Early detection of common cholesterol could have huge benefits – EURACTIV.com


Familial hypercholesterolemia (FH), a genetic condition that can cause high cholesterol levels, affects about 1 in 250 people. The earlier it is detected, the better, but pediatric screening for the disease is lacking in many many places in Europe.

“This is the most common genetic condition causing premature atherosclerotic cardiovascular disease and screening for its detection and diagnosis is quite simple,” said Neil Johnsen, executive director of the Global Heart Hub, during of a recent event held at the Czech Senate in Prague.

However, the lack of systematic screening for the disease has meant that approximately 90% of people with FH are unaware that they have the disease, despite the availability of effective treatments.

“It has been recommended worldwide for more than a quarter of a century. Yet in Europe we don’t have a very clear strategy on this,” Johnsen added.

HF is an inherited disease that results in higher cholesterol levels than in the general population. While high cholesterol levels are often associated with an unhealthy lifestyle, HF is not linked to environmental factors.

Rather, the condition is caused by a faulty gene in the DNA, which is passed down between generations.

FH leads to an increased risk of early cardiovascular disease, particularly coronary heart disease (CHD), said patient advocacy group FH Europe.

HF can also have different levels of severity, with the rare form of homozygous familial hypercholesterolemia (HoFH) being the most severe, affecting 1 in 300,000 people.

Countries like Czechia, the Netherlands, Slovenia, Spain, Norway and others already have some form of screening. But to get the best results, pediatric screening is the way to go, Johnsen added, while praising Slovenia in particular.

A handy fruit

With the evidence of effectiveness and treatments already available, coping with HF should be simple.

While more individual countries have yet to focus on pediatric HF screening, the European Commission’s recent Healthier Together initiative, targeting non-communicable diseases (NCDs), also focuses on cardiovascular diseases, opening a window to focus on the HF.

“We have a game-changer here in Europe and awareness among policy makers to tackle cardiovascular health,” said Birgit Beger, CEO of the European Heart Network (EHN).

The new initiative is one thing, but both Beger and Johnson have urged the creation of a European policy plan to tackle heart health, similar to the European plan to fight cancer, announced in 2021 by the European Commission.

“If you want to be serious, you have to deal with cardiovascular health because it’s so important in Europe,” Beger said.

She also mentioned the societal benefits of prevention: “We also talk about economic development – ​​it will allow people to stay in their jobs longer, to live longer, to be more productive, to be there to children and as caregivers. So there are only advantages.

Take action

Given the political interest in cardiovascular health, it is possible to start screening programs, said Heribert Schunkert, a professor at the German Heart Center in Munich.

According to him, what is needed is a paved road to get there.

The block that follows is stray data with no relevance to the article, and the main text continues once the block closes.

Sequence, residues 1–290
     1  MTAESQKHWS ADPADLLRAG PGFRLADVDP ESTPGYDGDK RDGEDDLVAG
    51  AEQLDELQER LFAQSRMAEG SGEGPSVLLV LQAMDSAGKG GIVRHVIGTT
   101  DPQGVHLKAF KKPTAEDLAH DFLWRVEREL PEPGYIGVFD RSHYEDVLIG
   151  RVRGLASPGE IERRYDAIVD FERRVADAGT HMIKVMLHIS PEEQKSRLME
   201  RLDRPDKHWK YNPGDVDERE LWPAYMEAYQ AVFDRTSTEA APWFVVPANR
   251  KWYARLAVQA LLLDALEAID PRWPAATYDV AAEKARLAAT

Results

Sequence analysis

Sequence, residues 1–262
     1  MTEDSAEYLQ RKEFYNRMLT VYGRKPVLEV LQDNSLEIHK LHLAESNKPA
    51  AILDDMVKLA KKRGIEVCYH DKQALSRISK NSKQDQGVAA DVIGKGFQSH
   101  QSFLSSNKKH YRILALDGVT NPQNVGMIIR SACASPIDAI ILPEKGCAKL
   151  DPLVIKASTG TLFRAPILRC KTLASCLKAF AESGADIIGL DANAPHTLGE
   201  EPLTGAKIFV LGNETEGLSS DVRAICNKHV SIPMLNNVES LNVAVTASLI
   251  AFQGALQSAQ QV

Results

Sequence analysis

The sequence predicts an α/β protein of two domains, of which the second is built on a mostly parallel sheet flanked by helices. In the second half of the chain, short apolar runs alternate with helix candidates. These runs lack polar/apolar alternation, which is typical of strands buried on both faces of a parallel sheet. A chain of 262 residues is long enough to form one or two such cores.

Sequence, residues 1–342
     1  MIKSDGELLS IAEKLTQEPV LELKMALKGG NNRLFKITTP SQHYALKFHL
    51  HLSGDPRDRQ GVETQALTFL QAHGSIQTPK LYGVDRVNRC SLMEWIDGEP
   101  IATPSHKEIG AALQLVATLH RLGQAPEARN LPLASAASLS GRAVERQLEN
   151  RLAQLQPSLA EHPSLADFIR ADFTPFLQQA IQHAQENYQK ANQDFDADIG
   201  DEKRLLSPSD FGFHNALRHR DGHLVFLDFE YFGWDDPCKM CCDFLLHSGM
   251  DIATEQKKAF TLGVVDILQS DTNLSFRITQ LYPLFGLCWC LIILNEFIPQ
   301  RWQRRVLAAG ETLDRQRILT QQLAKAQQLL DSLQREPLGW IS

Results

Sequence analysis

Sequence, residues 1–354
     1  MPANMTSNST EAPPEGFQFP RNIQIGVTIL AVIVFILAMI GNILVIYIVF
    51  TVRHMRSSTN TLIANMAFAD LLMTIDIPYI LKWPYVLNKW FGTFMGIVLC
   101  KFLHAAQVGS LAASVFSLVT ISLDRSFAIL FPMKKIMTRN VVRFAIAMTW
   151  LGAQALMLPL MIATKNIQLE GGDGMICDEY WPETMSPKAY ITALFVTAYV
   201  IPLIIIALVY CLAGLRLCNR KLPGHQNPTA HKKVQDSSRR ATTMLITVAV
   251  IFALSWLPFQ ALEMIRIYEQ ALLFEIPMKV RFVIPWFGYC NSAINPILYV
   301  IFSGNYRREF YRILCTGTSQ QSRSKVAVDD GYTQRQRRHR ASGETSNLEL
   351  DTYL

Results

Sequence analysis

“So how did we do this in Bavaria? Obviously, we had to convince the government to give us the means to build the logistics. We did this by comparing with cancer medicine,” Schunkert said.

“We’ve heard that politicians have a very strong push to reduce cancer risk, but the risk from cardiovascular disease is even greater,” he added.

To get things done, stakeholders need to lead the way, the professor said. In her experience, it is important to provide adequate information material to parents whose children will benefit from screening.

He also noted that legal issues need to be considered regarding new testing programs, reflecting different laws from country to country on genetic testing practices.

Pediatric screening

Pediatric screening in particular remains a thorny issue since HF is detected early in less than 5% of children worldwide.

In 2021, pediatric screening was recognized as one of the best practices in the EU on non-communicable diseases in a dedicated portal set up by the European Commission’s health service (DG SANTE).

Most of these children are diagnosed with this disease following the so-called “cascade” screening, which means that they are suggested to be tested as parents of people who have been diagnosed with certain inherited diseases.

This means, in practice, that the majority of these children are most often diagnosed following a heart attack or stroke suffered by their parents.

At the event, organized under the auspices of the Czech EU Presidency, Professor Željko Reiner from the Croatian Atherosclerosis Society suggested that adopting pediatric screening could actually generate a “reverse” cascading screening so parents and siblings of children diagnosed with FH will be informed and recommended testing.

The meeting was followed by the signing of the Prague Declaration on Pediatric HF Screening, a call to action for decision makers to recognize the importance of early detection of HF.

Proponents of the declaration call for comprehensive, lifelong programs for the screening, diagnosis and treatment of homozygous HF in every country, as well as specific measures to overcome barriers to the wide adoption of the programs screening.

[Edited by Nathalie Weatherald]


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